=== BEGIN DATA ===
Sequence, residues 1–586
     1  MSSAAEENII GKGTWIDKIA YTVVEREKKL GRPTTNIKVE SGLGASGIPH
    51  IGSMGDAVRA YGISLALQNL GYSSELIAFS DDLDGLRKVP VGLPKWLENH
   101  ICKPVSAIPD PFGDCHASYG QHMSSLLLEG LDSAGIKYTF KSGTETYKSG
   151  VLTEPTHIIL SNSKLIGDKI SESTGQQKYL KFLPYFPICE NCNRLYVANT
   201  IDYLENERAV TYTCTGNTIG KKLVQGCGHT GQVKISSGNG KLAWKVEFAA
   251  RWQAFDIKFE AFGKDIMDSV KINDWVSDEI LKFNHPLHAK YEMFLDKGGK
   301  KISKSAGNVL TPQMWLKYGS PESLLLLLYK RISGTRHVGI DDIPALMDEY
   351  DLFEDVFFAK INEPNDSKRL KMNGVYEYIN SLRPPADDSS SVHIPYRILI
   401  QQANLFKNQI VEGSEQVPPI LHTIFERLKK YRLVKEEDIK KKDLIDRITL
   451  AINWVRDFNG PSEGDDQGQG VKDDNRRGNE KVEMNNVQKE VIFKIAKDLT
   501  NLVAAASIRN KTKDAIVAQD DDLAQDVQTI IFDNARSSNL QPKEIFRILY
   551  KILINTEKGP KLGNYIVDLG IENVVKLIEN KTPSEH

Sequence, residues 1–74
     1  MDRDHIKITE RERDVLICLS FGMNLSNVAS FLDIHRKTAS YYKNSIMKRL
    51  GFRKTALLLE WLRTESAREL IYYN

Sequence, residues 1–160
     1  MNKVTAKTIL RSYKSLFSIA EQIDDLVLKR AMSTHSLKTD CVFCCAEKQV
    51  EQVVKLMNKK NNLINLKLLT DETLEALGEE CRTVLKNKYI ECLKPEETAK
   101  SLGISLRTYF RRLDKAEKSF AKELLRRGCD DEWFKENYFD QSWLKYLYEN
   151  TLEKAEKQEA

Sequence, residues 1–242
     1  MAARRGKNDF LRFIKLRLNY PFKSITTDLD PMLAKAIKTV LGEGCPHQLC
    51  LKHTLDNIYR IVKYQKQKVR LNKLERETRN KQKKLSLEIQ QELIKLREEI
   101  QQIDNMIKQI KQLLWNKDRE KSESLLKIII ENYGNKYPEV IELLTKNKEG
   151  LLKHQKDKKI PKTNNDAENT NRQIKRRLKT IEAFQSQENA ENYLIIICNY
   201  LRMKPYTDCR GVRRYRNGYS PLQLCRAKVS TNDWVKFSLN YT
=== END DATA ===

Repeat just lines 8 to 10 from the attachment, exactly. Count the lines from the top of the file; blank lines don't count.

   301  KISKSAGNVL TPQMWLKYGS PESLLLLLYK RISGTRHVGI DDIPALMDEY
   351  DLFEDVFFAK INEPNDSKRL KMNGVYEYIN SLRPPADDSS SVHIPYRILI
   401  QQANLFKNQI VEGSEQVPPI LHTIFERLKK YRLVKEEDIK KKDLIDRITL